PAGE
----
There are Trump-era movies. The sort of wink-wink-nudge-nudge, did-you-notice-that-Make-America-Great-Again-reference movie that tries too hard for its social commentary and relies too heavily on the crutch of cautionary tale. (Your “Fahrenheit 451”s and “Suburbicon”s.)
Then there are movies whose potency is amplified, but not necessitated by, their Trump-era creation and release. Movies that recognize “Trump-era” is a misnomer that falsely suggests an idyllic past when America wasn’t racist.
Spike Lee’s latest joint “BlackKklansman” is the latter, the kind of period piece whose immediacy is never forced. It’s the 1970s and our hero, Ron Stallworth (John David Washington, “Ballers,” who bears a striking resemblance to his dad, Denzel), becomes the first Black officer in the Colorado Springs Police Department. A sign outside the station proclaims they are hiring diverse officers. After Stallworth quickly grows tired of working the records room, he proposes a promotion to undercover officer.
An ad for the local chapter of the Klu Klux Klan in the paper sparks Ron’s interest and he sets out to become The Organization’s first black member. When he runs into the issue of face-to-face interactions, he employs the help of Flip Zimmerman (Adam Driver, “Star Wars: The Last Jedi,” at the peak of his understated charm and dry wit).
Driver and Washington’s on-screen chemistry is unparalleled and the mechanics of their mission takes the notion of buddy-cop well beyond its usual genre bounds. Flip’s reckoning with his own privilege is especially well handled. As he encounters firsthand the depth and diversity of the Klan’s hatred, he sees himself, for the first time, as something other than white and lucky to have passed for so long.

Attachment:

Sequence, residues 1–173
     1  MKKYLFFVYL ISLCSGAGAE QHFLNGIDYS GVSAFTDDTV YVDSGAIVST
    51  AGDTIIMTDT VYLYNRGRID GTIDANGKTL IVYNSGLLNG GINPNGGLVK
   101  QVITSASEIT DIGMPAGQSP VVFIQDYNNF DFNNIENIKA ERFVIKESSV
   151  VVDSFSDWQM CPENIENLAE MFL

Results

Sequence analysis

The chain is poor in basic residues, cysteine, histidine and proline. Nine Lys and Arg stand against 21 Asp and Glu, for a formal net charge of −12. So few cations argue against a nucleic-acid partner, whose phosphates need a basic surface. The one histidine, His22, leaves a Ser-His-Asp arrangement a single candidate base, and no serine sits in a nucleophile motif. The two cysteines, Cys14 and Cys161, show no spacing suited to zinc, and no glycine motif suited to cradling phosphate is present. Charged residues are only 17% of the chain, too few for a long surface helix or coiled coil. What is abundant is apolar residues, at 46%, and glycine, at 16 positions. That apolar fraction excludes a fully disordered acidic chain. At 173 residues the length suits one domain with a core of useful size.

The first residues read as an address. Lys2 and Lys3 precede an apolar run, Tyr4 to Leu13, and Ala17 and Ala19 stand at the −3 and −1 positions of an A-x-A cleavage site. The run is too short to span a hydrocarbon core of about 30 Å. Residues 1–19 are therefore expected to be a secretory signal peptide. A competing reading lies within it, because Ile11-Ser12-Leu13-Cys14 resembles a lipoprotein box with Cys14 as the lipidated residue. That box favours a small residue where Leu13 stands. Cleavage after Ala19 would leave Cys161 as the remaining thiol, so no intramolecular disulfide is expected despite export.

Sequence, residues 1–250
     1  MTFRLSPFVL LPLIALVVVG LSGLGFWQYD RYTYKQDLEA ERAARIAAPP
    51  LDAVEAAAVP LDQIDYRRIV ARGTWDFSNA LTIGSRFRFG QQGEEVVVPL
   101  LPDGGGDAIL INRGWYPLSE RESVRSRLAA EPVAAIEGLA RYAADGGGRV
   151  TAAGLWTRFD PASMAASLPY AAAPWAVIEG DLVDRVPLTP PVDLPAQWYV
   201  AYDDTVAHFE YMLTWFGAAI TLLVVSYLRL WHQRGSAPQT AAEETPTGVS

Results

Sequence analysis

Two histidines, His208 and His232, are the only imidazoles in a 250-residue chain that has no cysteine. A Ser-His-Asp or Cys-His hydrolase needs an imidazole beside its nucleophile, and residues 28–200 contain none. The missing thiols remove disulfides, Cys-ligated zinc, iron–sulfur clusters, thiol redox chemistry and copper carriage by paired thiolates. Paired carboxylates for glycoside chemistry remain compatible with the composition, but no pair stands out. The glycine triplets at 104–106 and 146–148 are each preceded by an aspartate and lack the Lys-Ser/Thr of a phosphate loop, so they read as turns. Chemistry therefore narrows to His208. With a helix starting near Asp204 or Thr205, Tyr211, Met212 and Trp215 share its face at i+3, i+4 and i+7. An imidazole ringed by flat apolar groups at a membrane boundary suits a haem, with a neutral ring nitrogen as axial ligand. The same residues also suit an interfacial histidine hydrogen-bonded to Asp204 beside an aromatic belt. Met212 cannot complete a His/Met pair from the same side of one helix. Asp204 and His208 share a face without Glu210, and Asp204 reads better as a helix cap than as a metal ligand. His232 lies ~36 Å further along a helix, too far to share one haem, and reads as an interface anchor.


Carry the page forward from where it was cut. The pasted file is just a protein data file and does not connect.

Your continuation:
Lee is in both foreign and familiar territory with this film. He has left Brooklyn for small town Colorado; a neighborhood community for a police station. But his formal fingerprints are all over every shot: brilliant cross-editing, a fantastic final dolly-zoom and a non-diegetic punctuating sequence that chillingly refocuses the film back to the present moment.
The writing is sharp and pointed without being on-the-nose, and Lee proves that he hasn’t lost his magical comedic timing. For a movie that shifts its tone every other scene, “BlackKklansman” earns each laugh and gasp equally.
Lee takes his source materials — Stallworth’s 2014 memoir of the same name, blaxploitation action films, buddy-cop comedies, America itself — and elevates them all, amplifying the strengths of each with perfectly executed action sequences and brilliant back-and-forth. He exposes how little about the world has changed with biting humor.
It’s a “dark comedy” in the same way “Get Out” was a “dark comedy” (Jordan Peele does, unsurprisingly, boast producing credits). Every laugh “BlackKklansman” elicits comes from the same dark and mysterious place fear is stored.
When the film premiere at Cannes last week, it was met with ten minutes of standing ovation. If you tell me in August the same happened in every theater it shows in, I won’t be surprised. This film deserves it. Every hand that touched “BlackKklansman” is performing at the top of their game, coming together to produce what very well should be Spike Lee’s most successful film in years.